|Dr. SHEUNG, Shing Yue Richard|
This is a study of the difference between the practice of bilingual writing and translation in the bilingual context of Hong Kong. A "bilingual" article by the Secretary for Transport and Housing, published in Chinese in the Hong Kong Economic Journal and in English in the South China Morning Post, is studied alongside a speech by the Chief Executive originally given in Chinese, which is also available in English translation. It is discovered in my study that the bilingual article has greater readability due to the observance of the natural writing style in the two languages, such as the strategies of nominalization and "verbalization", etc. These strategies are also applicable to the production of a more readable translation as may be required to meet market need.
|Dr. TSAI, Cheng Yu Edwin|
“The Tell-Tale Heart” is a breathless, frightening monologue of the disintegration of consciousness and conscience due to obsession. In the form of unidirectional communication, Poe reveals the mental turmoil of narrator through clever arrangement in sentence structures, leading us to question the narrator. This paper aims at understanding the function of marked textual structure in Poe’s work. Comparison was made between two translated texts, 〈泄密的心〉and 〈露餡的心跳〉, by Xu Ruchun (徐汝椿) and Sun Fali (孫法理) to explore their respective approaches in dealing with the artistic organization of Poe.
|Dr. SHEUNG, Shing Yue Richard|
Hong Kong is known for its bilingualism with government publications available both in English and Chinese to suit different preferences. This paper studies the stylistic differences between an article and a speech, both published bilingually, by two principal officials in the SAR government. The article has a fluent English and Chinese version, but features differences in presentation order, diction and emphasis; the speech is faithfully matched by its translation, which however does not read smoothly. The study concludes that, depending on purpose and audience, bilingual writing may be a more suitable approach than translation in the production of bilingual literature.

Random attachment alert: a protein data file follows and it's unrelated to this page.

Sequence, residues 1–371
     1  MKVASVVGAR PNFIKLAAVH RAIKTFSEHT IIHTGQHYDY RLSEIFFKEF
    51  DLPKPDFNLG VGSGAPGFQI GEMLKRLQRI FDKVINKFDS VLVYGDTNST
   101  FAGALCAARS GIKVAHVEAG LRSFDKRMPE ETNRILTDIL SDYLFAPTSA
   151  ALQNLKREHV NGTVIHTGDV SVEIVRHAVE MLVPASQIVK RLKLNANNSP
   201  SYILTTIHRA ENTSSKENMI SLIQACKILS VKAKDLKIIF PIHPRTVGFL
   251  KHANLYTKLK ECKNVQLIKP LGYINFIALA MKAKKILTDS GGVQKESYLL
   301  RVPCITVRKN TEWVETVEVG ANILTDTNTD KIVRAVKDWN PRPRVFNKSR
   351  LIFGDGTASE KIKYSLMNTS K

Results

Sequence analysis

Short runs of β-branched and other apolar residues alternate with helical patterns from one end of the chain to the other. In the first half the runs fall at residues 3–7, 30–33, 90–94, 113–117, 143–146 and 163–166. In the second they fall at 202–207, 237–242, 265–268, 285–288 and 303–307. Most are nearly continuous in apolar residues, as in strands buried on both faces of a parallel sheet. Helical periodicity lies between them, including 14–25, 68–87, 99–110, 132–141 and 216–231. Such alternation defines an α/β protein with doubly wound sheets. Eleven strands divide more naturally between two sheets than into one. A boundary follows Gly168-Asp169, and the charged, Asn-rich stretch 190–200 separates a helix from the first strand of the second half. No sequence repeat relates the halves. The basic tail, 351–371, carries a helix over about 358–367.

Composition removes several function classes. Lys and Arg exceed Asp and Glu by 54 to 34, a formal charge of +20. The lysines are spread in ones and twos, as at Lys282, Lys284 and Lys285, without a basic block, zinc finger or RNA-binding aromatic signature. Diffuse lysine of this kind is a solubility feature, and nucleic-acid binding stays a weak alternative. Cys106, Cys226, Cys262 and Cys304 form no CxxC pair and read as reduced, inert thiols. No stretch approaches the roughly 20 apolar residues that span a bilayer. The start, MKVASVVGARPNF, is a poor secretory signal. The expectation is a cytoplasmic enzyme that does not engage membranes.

|Dr. CHAN, Ho Yan Clara|
This is the first translation project students are engaged in, which involves the finding of their own source texts, translating in their own style and producing an end product. This group of students has produced one of the most eye-catching texts (magazine article) with their creativity both in the art and design as well as translation techniques.
|Dr. KIT, Chunyu|
The project aims to identify distribution patterns of translators’ cognitive effort to different subtasks of translation during the entire translation process. With the aid of a video-based, eye tracking system, the empirical investigation in this project attempts three major analyses: (1) analysis of generalized patterns of attentional distribution to compare the levels of cognitive effort required in respective subtasks; (2) analysis of the fixation duration and pupil size to investigate the cognitive workload among different subtasks and also the relationship between key events and fixation durations; (3) analysis of translators’ working styles with respect to cross interest area saccades and duration of follow-up fixations. The analyses are presented together with discussions and references to previous models, and possible avenues to future research are also sketched.
|Mr AU, Kim Lung Kenneth|
Translating a humorous kid show targeting primary students and teenagers is indeed a quite challenging task, as the translator has to cater to their educational and language level, at the same time avoids complicated translation. On the other hand, the genre-specific constraints of audiovisual translation (AVT), namely, temporal and spatial constraints, add further difficulty for the translator. This project is an attempt to reproduce the humour of the video of a puppet show “Sesame Street: Les Mousserables (Les Mis Parody)”, which is clearly a parody of the famous musical “Les Misérables.” The students discovered the strategies to translate the lyrics and the word plays on the one hand, and the culture-specific items (CSIs) in the puppet show on the other. Following the general six-second rule of AVT, the Chinese subtitled video is successful in reproducing the humorous effects through the translation of the word play and the funny parody of “Les Misérables.” Intertextuality is a key feature in the project as the translator should remind the audience of the parody effect of the lyrics and the CSIs.
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